They should have sent a poet. They sent Icehouse instead.
GRH On Location. Quarterfinals, Concacaf Gold Cup.
From my office, I have watched this damn thing be built. I’ve been dreaming about it for more than a year now. Opportunities have existed to go to it. Tours have been available. George Strait performed there. Heck, the Jonas Brothers have been in this stadium already. But like the Jonas Brothers, I wanted my first time to mean something. Something real.
Then comes the Concacaf Gold Cup. Two quarterfinals games to be played in Cowboys Stadium. I’m not going to lie here, the Gold Cup isn’t the best footy in the world. Any players that are on European club sides are nowhere to be found. What you end up with are bunch of dudes that are playing for both a bigger rep and national pride; two things that make for a slugfest.
That all pales in comparison to one fact: Cowboys Stadium is mankind’s greatest edifice. It is a palatial playground of kings. It is an offering to God, with a caveat. It says, ‘you may be the creator of all things natural, but THIS IS OURS.’
Going to soccer games, like every sporting event, are great communal activities, where you can join with your neighbors and scream your guts out. I don’t think I need to remind our readers that soccer isn’t the biggest sport in the United States. The MLS is a fledgling underleague, and Team USA, despite recent success, only drew around 30,000 to the Lincoln Financial Field in Philadelphia for their Saturday night victory. Mexico, on the other hand, loves them some fútbol. They always come out en masse. Check the tape of any recent Mexico v. USA game. Off the top of my head, games in Chicago, San Diego, Salt Lake and Houston all featured heavily Mexican fanbases. I would like to take this opportunity to point out that it is fucking pathetic when one nation’s fans show up more than the home nations. FIX YO FANDOM, AMERICA!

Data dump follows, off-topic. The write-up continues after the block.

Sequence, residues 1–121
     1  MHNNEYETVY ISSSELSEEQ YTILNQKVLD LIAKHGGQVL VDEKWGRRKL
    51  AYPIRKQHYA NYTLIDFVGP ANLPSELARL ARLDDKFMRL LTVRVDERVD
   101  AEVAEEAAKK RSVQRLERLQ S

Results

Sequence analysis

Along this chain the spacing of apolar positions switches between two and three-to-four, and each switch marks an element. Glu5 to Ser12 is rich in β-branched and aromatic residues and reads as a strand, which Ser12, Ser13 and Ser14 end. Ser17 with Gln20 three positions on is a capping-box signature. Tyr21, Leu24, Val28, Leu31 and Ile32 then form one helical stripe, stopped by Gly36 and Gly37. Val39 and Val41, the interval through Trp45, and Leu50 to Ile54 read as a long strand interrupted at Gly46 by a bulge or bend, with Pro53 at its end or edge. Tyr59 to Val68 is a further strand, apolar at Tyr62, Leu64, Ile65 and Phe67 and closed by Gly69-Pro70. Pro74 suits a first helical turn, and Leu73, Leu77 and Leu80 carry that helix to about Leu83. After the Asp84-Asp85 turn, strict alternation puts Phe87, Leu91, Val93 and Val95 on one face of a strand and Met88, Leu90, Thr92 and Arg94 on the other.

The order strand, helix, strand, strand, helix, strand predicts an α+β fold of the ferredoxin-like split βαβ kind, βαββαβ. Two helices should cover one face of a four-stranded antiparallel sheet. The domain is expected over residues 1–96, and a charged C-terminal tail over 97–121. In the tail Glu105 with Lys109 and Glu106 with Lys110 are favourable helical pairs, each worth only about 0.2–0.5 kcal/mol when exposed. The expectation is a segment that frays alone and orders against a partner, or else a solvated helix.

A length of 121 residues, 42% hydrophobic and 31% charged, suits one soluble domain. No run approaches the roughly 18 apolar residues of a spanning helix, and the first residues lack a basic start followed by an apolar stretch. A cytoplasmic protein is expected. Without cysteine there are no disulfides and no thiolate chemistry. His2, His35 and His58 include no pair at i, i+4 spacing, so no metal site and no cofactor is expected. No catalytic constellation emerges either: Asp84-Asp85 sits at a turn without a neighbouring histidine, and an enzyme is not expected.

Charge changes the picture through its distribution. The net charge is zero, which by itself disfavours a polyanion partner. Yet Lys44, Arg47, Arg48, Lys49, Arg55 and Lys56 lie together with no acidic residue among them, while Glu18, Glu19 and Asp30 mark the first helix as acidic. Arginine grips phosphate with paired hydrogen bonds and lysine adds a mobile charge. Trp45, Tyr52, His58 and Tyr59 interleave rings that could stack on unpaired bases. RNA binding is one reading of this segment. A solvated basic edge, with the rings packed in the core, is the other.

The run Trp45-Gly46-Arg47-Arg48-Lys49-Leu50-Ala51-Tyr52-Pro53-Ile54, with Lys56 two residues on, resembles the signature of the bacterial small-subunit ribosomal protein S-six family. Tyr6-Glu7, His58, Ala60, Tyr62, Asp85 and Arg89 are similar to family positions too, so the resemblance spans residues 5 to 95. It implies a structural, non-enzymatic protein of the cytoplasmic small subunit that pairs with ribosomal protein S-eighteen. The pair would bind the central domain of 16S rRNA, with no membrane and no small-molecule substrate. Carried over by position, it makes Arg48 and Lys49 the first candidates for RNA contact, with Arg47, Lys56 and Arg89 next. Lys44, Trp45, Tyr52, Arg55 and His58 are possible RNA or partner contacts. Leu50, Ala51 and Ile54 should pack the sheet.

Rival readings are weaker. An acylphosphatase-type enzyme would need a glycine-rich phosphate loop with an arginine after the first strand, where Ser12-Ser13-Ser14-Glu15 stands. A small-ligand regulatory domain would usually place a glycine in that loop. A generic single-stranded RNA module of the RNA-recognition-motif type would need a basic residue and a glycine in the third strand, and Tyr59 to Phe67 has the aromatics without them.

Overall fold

Having said that, the game on Sunday was in Texas, which was founded by Mexico, and was a veritable Mexican home game. HOLYSHIT. You like sports, motherfucker? Do you? Because you have to love the shit out of sport to go to Los Tri soccer game. This was my first international cap of any kind, though I did have the good fortune of falling in with the Deportivo Cruz Azul crowd back when the Icehouse was Casahielo and hung his hat down south.
Anyways, these cats love their country, and they love this sport. They were all abouts it. There were 82,252 in attendance for this event. That’s right. I said it. They came to rock, too. From my rough estimation, there were:
• 65.63% - Los Tri gear
• 34.35% - various Professional Mexican gear
• 00.02% - Cowboys gear (it’s a home game. Y’heard?)
• 1 pink polo, worn by Trae, my accomplice
One of the best parts about this crowd is that they love ‘The Wave.’ I love ‘the wave.’ It’s probably my favorite fan gathering phenomenon. They love it more than I do, possibly. There were people in my section that were actually cheering in anticipation of the ripple effect of standing and screaming arriving. Imagine a slow crescendo of “hey…hey…hey…Hey. Hey. Hey. HEYHEYHEY WOOOOOO!” It was fucking great.
As for the game itself, it was pretty great. The first goal came off of a rebound from a botched stutter-step of a PK.
Miguel Sabah charged and flushed.
The second goal came from one of Mexico’s youngsters. Giovani dos Santos turned with his left foot and drained one in the upper 90. It was fabulous. Sabah scored again with a flying header off of a corner in the second half. But then, in the 82nd minute, substitute Pablo Barrera blasted a one-timer off his right hoof into Haiti’s net for a righteous goal that sent me and the drunks around me into quite the tizzy.
At the 75th minute, I began to see paper airplanes rain down out of the upper deck. Then more. Then a whole lot more. Then more than paper airplanes than I thought were possible. This was also around the time that Trae bought a delicious cheese steak. The food and drink at Cowboys Stadium, while expensive yet on par with virtually every other pro arena, were righteous.
Leaving the stadium, there were carts selling wares that were more indicative of Mexico than Arlington, which just added to the flavor. Getting out was easy enough, but there seemed to be a large amount of people that seemed to be congregating at or near the underside of bridges. Trae referred to them as the ‘bridge and tunnel crowd.’ I guffawed heartily.
All in all, pretty successful. I loved every second of it. The next step is getting Stovall down here for the Texas A&M v. Arkansas game.